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Locks Ltd., Doors Ltd., and Trading Ltd., which are subsidiaries of S&S Ltd., have kept track of all transactions that have occurred between them during the year. Hall, a junior accountant at S&S Ltd., is now faced with the task of preparing the consolidated accounts for the group.

Hall assumes that consolidation merely means adding up the financial results of each subsidiary into the accounts of the holding company, S&S Ltd. This seems simple enough: he begins work but has to verify some information with Gregory Controllo, the group controller. When he does, Gregory stops Hall’s work, informing him he is not complying with group accounting procedures.

Gregory explains that Hall cannot simply add up the results of each subsidiary into a single total as he has started doing. Approaching group accounting in this way means that an increase in the number of transactions between subsidiaries would result in inflated revenues and cost figures for the group as a whole. Since transactions between subsidiaries and other related parties do not reflect objective valuation of goods and services, these must either be eliminated or disclosed in the report of the group’s financial performance.

First, Gregory explains the procedures that prevent intercompany transactions from biasing the group’s financial results. While CEOs of subsidiaries have been able to get around these procedures in the past, Gregory has put in controls that prevent such occurrences from happening again. In addition to eliminating the effects of intercompany transactions, group accounting procedures must also adjust for accounting differences between subsidiaries. These include differences in depreciation policies and functional currencies.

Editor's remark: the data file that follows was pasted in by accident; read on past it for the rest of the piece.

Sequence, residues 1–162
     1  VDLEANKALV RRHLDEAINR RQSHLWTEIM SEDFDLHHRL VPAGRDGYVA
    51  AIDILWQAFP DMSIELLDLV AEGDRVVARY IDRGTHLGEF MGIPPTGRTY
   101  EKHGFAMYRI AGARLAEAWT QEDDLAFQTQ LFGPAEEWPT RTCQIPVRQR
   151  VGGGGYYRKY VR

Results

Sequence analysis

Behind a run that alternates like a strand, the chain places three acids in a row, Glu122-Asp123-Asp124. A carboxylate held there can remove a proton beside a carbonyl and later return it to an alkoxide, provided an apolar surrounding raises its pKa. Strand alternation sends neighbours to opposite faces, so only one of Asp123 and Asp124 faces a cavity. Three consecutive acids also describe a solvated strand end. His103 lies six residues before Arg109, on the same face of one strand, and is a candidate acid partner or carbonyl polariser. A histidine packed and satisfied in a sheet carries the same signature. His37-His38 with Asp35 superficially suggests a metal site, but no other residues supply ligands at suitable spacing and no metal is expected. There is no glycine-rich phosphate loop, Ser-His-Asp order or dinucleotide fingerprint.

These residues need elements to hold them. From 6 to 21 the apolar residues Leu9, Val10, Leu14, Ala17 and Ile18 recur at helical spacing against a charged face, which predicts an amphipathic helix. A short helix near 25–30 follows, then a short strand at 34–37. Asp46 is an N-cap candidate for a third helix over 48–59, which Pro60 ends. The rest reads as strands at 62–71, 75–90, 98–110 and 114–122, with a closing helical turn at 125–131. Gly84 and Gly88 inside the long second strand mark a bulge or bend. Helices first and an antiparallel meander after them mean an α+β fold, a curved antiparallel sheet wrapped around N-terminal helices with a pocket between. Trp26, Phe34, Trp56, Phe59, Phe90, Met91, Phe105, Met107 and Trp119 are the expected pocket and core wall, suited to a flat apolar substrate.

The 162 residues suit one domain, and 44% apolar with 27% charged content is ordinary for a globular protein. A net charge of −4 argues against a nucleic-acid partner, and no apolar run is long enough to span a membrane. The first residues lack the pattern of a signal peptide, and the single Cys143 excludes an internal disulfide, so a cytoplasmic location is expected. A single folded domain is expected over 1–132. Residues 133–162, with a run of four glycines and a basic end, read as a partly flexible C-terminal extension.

However, intercompany transactions and policy differences aren’t the only concerns in group reporting. Gregory explains that any related third parties must also be identified and disclosed during the group consolidation. This includes the joint venture Locks Ltd. has entered into with Keys Ltd. and any personal relationships that may create undue influence on business transactions.

Hall is relieved that his error was caught quickly. In doing so, he is able to avoid material misstatement and properly convey the financial position and performance of the S&S group.

How effective are your company’s group consolidation procedures? Do you know how to avoid material misstatements when reporting financial performance? The Accenture Academy course Consolidating Group Accounts can help you identify and establish effective procedures for consolidating subsidiaries’ results, even when differing accounting policies or currencies are present. The course will also demonstrate how to identify and disclose all appropriate third-party relationships and avoid material misstatement.
 

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